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Young age at first menstrual cycle linked to heightened diabetes risk in mid-life

And it’s associated with an increased risk of stroke before the age of 65

2023-12-06
(Press-News.org) Starting menstrual cycles at a young age—before the age of 13—is linked to a heightened risk of developing type 2 diabetes in mid-life, finds US research published online in the open access journal BMJ Nutrition Prevention & Health.

And it also seems to be associated with an increased risk of having a stroke before the age of 65 in those with the disease, particularly those who started having periods before the age of 10 or younger, the findings indicate.

Diabetes and its complications are on the rise among young and middle aged US adults, while the age at which women start having periods is falling worldwide, note the researchers. 

They therefore wanted to find out if there might be a link between these two phenomena in younger women, and drew on responses to the nationally representative National Health and Nutrition Examination Survey (NHANES) 1999–2018.

Some 17,377 women aged between 20 and 65 were included in the study, all of whom specified the age at which they had had their first menstrual cycle. This was categorised as 10 or younger, 11, 12, 13, 14 and 15 and older.

Of the total, 1773 (10%) reported a diagnosis of type 2 diabetes. And of these, 205 (11.5%) reported some type of cardiovascular disease.

Starting periods before the average age of 13 was associated with a heightened risk of type 2 diabetes, after accounting for a range of potentially influential factors, including age, race/ethnicity, education, motherhood, menopausal status and family history of diabetes, smoking, physical activity, alcohol consumption and weight (BMI). 

This ranged from 32% greater (10 or younger) through 14% greater (age 11) to 29% greater (age 12).

Among women with diabetes, earlier age at first menstrual cycle was associated with a heightened risk of stroke, although not cardiovascular disease in general, after accounting for the same set of potentially influential factors.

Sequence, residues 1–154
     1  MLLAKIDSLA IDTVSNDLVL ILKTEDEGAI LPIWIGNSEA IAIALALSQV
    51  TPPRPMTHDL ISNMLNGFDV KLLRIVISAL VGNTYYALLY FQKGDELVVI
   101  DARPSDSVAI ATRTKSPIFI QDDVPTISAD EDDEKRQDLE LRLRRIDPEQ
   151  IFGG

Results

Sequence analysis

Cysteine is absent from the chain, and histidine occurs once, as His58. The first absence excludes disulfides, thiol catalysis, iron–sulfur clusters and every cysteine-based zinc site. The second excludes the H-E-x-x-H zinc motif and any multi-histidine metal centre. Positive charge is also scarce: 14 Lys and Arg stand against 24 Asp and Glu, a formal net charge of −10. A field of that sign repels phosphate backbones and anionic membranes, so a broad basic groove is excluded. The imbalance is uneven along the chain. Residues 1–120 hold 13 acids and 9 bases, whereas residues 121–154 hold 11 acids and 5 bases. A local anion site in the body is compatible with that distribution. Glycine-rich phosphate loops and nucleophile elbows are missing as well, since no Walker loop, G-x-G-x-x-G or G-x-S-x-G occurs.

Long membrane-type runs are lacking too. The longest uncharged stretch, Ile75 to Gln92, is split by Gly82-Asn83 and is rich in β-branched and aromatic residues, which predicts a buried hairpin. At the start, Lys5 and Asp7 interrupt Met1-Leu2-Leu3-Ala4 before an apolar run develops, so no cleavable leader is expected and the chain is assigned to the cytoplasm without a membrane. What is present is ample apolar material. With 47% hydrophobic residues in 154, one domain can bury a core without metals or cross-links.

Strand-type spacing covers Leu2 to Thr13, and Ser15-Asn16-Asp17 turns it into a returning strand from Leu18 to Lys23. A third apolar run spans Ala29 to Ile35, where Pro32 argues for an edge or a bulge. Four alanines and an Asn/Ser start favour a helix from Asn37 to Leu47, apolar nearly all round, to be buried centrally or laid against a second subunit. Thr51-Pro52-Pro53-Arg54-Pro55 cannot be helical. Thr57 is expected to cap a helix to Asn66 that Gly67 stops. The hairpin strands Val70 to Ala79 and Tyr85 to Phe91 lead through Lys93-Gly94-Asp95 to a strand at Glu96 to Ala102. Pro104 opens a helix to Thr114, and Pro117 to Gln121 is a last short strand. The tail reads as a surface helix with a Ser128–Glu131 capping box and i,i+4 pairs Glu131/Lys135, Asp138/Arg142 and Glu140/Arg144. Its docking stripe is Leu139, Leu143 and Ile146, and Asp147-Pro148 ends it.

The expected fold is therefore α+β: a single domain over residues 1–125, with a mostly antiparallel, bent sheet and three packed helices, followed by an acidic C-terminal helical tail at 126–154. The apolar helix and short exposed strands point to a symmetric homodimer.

Very early age at first menstrual cycle—10 or younger—was associated with a more than doubling in stroke risk among women below the age of 65 with diabetes, after similar adjustments for influential factors.

This risk fell in tandem with increasing age: 81% among those with their first menstrual bleed at the age of 11, to 32% at the age of 12, and to 15% at the age of 14.

This is an observational study, and as such, can’t establish causal factors. But, suggest the researchers: “Earlier age at [first menstrual cycle] may be one of early life indicators of the cardiometabolic disease trajectory in women.” 

They explain: “One potential pathway explanation may be that [such] women are exposed to oestrogen for longer periods of time, and early [menstruation] has been associated with higher oestrogen levels.”

They point out that while the observed associations between age at first menstrual cycle and stroke complications weakened slightly after accounting for weight, these still remained statistically significant. 

“Therefore, adiposity may also play a role in the observed association between early age at [first menstrual cycle] and stroke complications, as higher childhood adiposity is associated with earlier age at [menstruation] and with cardiometabolic diseases later in life,” they suggest.

“These findings add another dimension to the potentially less well understood determinants of cardiometabolic risk, particularly in women who have been relatively underrepresented in this area of research,” comments Professor Sumantra Ray, Executive Director of the NNEdPro Global Centre for Nutrition & Health, which co-owns BMJ Nutrition Prevention & Health.

“And they provide a clear steer on the need to design interventional studies looking at the prevention of cardiometabolic disease in ethnically diverse groups of women who start menstruating at a young age,” he adds.

END


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[Press-News.org] Young age at first menstrual cycle linked to heightened diabetes risk in mid-life
And it’s associated with an increased risk of stroke before the age of 65